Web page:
David Harley ESET
Andrew Lee K7 Computing
The well-documented problems with WildList testing derive from difficulties in adjusting to the 21st Century threat landscape. The (obviously overstretched) WildList Organization's focus on self-replicating malware, which nowadays comprises a small percentage of the whole range of malware types; the lengthy testing and validation process between the appearance and the inclusion of a specific malicious program, and the availability of the underpinning test set to WildList participants are all cited as objections to the validity of WildList testing, and some vendors and testing organizations have heavily criticized it, some vendors even withdrawing from testing that relies heavily on it.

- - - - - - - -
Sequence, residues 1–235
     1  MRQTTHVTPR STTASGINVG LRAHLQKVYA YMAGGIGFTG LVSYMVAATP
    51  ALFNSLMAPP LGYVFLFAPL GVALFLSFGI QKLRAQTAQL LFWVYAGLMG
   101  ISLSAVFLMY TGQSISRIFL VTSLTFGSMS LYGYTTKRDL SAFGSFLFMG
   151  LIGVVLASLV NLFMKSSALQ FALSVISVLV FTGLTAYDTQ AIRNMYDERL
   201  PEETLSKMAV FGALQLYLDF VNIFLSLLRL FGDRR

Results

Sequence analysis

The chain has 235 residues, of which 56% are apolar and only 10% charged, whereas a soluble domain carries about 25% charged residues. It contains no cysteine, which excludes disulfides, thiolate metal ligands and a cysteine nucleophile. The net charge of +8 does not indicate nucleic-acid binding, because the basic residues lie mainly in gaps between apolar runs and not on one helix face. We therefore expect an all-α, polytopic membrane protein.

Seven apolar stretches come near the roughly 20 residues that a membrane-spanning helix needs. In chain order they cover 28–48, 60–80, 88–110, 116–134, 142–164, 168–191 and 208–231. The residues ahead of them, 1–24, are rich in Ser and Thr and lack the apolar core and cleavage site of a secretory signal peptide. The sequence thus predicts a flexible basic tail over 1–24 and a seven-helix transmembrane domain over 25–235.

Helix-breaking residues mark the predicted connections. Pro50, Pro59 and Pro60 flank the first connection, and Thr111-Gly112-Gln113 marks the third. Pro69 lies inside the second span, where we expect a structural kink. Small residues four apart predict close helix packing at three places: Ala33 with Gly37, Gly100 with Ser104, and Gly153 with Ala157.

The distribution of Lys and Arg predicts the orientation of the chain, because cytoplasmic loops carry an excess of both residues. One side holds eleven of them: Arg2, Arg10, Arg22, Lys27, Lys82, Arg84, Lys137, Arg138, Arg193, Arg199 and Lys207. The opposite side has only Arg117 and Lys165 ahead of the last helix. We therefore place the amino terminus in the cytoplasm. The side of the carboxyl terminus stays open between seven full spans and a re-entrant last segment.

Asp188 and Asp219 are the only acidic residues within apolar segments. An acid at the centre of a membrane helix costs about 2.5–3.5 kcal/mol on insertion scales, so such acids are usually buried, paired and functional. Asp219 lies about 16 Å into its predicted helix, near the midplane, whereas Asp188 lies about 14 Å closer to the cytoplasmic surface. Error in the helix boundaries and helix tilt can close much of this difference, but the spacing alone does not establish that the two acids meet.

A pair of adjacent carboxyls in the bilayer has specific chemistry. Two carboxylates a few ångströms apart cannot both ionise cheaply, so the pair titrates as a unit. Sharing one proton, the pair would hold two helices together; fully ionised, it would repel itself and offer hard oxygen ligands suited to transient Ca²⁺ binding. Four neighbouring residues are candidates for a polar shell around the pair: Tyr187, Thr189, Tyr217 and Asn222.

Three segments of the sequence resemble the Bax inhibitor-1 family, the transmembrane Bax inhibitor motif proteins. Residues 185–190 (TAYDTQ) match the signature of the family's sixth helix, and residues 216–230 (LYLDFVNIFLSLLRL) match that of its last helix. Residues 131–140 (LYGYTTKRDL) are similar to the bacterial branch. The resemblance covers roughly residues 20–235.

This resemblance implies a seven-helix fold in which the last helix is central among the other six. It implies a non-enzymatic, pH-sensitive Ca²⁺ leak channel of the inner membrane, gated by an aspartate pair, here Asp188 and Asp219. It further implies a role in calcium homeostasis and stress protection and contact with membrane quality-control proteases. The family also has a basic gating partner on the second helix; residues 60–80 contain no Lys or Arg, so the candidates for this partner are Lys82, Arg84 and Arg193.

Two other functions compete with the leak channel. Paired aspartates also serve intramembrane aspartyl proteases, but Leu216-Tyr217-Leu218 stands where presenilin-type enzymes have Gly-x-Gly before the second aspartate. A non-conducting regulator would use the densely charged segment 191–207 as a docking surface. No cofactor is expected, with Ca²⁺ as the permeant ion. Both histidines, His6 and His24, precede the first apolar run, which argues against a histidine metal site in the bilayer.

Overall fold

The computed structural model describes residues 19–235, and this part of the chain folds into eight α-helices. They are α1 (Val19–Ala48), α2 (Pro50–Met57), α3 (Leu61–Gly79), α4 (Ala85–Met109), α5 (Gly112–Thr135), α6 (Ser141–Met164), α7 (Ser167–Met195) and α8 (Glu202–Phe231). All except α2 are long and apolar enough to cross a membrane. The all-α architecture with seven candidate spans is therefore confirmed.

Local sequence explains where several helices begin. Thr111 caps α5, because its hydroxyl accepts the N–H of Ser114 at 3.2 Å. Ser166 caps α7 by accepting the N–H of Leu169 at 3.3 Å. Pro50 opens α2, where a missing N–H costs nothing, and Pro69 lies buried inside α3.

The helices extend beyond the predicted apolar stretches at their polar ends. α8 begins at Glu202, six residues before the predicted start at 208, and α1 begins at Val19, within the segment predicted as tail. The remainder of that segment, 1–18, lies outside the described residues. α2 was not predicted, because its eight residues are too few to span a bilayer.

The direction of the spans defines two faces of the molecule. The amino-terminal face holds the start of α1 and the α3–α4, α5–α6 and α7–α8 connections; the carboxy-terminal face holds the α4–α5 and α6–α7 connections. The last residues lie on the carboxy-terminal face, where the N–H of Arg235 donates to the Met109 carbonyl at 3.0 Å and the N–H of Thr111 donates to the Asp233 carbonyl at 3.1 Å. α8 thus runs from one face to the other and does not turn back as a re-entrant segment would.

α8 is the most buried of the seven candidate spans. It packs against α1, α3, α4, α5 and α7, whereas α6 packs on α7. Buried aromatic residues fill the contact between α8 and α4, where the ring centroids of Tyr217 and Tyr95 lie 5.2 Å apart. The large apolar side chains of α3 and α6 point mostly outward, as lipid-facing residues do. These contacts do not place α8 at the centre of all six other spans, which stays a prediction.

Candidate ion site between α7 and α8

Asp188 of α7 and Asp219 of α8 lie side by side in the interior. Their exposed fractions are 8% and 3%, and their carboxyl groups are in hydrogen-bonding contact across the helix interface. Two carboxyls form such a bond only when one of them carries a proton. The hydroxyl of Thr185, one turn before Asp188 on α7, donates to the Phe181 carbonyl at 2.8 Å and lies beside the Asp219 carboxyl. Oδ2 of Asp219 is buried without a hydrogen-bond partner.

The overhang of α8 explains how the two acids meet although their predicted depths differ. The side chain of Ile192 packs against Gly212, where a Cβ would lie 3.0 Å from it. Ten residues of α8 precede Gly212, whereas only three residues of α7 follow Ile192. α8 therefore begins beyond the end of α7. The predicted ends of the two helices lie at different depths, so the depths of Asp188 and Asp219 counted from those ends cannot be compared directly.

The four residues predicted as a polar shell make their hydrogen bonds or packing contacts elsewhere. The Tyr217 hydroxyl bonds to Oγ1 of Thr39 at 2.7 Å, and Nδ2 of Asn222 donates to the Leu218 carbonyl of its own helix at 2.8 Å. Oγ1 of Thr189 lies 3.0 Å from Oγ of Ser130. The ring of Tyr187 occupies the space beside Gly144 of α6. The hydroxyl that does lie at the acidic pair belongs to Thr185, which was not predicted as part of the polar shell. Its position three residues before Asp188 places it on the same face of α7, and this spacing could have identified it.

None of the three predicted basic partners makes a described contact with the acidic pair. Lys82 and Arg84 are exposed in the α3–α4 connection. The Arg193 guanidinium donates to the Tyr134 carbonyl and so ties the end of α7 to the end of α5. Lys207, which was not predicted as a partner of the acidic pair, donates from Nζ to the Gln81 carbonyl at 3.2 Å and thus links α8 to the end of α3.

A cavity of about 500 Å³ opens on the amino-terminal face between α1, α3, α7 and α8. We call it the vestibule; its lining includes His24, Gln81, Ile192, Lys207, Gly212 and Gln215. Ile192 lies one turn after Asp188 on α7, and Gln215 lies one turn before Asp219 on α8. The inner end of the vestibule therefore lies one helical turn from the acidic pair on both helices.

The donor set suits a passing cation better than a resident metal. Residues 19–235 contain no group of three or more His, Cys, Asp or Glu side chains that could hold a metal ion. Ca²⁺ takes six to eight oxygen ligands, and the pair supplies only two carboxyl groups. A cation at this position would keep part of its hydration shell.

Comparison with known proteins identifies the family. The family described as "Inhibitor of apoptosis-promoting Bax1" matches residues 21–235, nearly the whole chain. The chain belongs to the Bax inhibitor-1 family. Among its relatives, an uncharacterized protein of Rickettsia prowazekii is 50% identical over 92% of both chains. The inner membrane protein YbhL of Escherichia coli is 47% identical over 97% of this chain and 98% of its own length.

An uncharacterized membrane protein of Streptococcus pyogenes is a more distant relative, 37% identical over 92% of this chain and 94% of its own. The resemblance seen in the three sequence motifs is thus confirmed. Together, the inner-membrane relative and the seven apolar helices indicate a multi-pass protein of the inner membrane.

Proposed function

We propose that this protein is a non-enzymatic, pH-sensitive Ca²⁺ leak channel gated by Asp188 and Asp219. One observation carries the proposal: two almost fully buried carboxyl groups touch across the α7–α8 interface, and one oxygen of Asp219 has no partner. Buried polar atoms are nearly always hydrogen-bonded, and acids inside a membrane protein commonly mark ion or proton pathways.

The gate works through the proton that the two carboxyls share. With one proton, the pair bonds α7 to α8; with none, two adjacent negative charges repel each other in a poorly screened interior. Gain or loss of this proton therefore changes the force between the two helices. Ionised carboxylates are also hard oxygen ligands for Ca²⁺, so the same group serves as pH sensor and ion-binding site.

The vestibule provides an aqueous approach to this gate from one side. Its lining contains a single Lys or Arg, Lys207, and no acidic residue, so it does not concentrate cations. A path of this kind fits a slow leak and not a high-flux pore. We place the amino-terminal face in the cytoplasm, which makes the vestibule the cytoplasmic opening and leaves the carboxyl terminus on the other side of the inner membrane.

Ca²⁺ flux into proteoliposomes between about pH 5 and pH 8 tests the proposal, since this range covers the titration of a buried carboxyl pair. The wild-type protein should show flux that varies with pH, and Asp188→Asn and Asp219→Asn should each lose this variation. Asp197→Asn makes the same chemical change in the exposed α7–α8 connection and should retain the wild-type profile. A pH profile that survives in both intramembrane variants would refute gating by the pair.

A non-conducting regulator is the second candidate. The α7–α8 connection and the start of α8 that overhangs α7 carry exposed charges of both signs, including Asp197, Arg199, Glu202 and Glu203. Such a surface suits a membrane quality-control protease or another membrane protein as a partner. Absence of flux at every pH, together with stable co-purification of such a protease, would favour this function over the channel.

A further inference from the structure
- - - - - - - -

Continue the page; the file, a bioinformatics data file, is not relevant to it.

In line with AMTSO's preference for dynamic over static testing, most mainstream testers have supplemented or replaced WildList testing with some form of dynamic methodology, which, done correctly, is assumed to be a better reflection of today's user experience. So does WildList testing still have a place in testing and certification? Is it still a meaningful differentiator? If it isn't, does that mean that sample validation is no longer considered a practical objective for testers, or is that a misreading of the AMTSO guidelines on dynamic testing?
This paper summarizes the static/dynamic debate, examining the contemporary relevance of the WildList and WildCore.